From works of art, to utilitarian tools, knives are as essential in the kitchen as a chef's hands. Eater spoke with three Portland chefs to learn about their favorite knives and why they love ‘em.
"Yanagiba is a style of knife that's particularly good for slicing. It's my main fish-slicing knife and the only knife I've ever made a significant—well, significant to me—investment on. I purchase knives rarely, and I usually look for something that is good quality but not outrageously expensive. Knives are utilitarian to me because they are tools to do a job. I don't have ornamental knives or trophy knives, and I try to keep it simple and have what I need. I bought it online from a Japanese purveyor."
"I have an 8" Kiritsuke Slicer I bought in Kyoto, Japan, on my last trip there. It was an amazing food-focused research trip that was really rounded out by my ride out of town to this knife shop, where I even got to ask the knife maker if he could customize the handle.
"Watching him change out the handle was extra cool, because it reminded me of being a kid hanging out with my dad—who was a goldsmith—in his jewelry store. Some parts of the process were similar and had some familiarity to them—yet they were foreign. I bought my chef de cuisine Jake Stevens the same knife, only longer since his hands are so much bigger than mine.
"Even though it's technically a slicer, I use it for a lot of different utility projects in the kitchen."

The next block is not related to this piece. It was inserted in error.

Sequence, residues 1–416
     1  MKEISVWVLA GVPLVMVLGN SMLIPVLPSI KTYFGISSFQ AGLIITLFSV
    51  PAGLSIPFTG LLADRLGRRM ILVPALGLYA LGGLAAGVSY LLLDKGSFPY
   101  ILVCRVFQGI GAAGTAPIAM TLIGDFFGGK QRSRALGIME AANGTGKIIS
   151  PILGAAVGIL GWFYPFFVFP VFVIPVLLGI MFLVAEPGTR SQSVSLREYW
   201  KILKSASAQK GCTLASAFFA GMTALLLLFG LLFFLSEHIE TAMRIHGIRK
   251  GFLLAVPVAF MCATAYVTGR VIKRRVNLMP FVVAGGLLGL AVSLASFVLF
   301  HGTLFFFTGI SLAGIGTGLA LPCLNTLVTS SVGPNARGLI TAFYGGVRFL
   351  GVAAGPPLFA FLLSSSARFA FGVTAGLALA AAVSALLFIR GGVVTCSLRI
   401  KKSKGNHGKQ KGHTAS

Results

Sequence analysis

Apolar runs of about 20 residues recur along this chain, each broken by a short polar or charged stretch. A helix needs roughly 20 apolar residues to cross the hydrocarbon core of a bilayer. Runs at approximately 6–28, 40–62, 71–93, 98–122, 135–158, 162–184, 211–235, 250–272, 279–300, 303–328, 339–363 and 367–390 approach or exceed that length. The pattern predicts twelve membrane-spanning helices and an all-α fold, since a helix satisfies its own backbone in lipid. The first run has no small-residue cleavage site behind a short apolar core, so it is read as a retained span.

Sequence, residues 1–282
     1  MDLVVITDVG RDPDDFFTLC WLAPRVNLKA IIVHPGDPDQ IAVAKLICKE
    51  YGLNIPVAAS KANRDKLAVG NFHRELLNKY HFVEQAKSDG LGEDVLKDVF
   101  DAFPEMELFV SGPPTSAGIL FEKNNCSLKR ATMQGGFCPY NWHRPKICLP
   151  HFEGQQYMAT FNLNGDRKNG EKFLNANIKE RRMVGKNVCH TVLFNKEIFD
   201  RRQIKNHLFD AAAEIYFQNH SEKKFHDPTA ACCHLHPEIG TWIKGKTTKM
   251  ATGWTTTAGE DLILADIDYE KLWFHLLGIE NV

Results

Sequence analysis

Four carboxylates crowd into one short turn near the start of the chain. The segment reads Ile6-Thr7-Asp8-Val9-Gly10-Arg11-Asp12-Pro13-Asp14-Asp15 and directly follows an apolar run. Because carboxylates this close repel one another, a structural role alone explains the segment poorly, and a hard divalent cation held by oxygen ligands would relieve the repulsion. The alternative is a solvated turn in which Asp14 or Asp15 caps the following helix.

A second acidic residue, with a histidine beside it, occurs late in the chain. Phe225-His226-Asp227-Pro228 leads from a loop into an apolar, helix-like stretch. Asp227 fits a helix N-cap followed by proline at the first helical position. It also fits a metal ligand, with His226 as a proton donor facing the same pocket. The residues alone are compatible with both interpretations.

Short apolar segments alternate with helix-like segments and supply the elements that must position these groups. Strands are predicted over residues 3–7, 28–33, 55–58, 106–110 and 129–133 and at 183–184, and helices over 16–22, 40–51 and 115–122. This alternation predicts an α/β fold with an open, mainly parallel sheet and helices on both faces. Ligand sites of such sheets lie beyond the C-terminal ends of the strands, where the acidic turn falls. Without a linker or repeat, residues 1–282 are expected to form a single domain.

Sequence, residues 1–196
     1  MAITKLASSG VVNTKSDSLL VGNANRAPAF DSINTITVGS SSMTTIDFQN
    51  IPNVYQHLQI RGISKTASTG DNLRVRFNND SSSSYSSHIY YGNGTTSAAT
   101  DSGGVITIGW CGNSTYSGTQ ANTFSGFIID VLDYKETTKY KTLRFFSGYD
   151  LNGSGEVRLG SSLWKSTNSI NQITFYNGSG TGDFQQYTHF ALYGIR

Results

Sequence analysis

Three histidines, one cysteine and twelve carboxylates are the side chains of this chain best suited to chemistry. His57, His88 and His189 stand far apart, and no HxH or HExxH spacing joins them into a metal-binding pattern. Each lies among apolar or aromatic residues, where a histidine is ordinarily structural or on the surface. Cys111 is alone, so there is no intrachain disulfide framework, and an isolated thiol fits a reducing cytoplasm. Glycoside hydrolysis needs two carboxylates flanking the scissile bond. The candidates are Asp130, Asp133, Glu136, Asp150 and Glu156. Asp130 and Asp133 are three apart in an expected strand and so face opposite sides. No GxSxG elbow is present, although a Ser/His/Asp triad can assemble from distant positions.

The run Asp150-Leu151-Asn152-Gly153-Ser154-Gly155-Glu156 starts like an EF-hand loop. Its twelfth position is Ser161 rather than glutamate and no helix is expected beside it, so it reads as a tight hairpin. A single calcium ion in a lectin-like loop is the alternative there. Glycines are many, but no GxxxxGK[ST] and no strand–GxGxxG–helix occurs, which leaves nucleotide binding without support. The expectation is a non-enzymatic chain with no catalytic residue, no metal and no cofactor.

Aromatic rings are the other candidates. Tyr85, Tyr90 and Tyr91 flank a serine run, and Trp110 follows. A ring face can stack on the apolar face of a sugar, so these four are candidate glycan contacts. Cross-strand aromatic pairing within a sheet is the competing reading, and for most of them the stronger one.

"My Dad owns a blade company that specializes in surgical tools, mostly for ophthalmology, and I grew up with a lot of very sharp things around. Throughout my career I have alway purchased knives from a variety of Japanese makers, and as I became more skilled with sharpening and other knife care, I started trusting myself to make higher-end purchases, knowing I probably wouldn't screw them up and would be able to take care of them.
"I first heard of Fujiwara Teruyasu through knifeforums.com, and the first knife I purchased from Teruyasu was a Petty knife from his higher-end White #1 line, as at the time the White #1, a high-carbon steel, was my favorite steel. I loved the knife and still do. Then, I started getting into Super Blue Steels, and now those are my favorite to use.
"I was in the market for a new Gyuto and settled on the 240mm Gyuto Denka from Teruyasu. When I picked up the knife, I knew I loved it. Teruyasu is famous for his steel tempering, and Super Blue Steel is arguably the best steel. This knife takes an amazing edge very easily and holds the edge for a very long time under lots of use. I also love the aesthetics of the knife. I bought it on knifewear.com."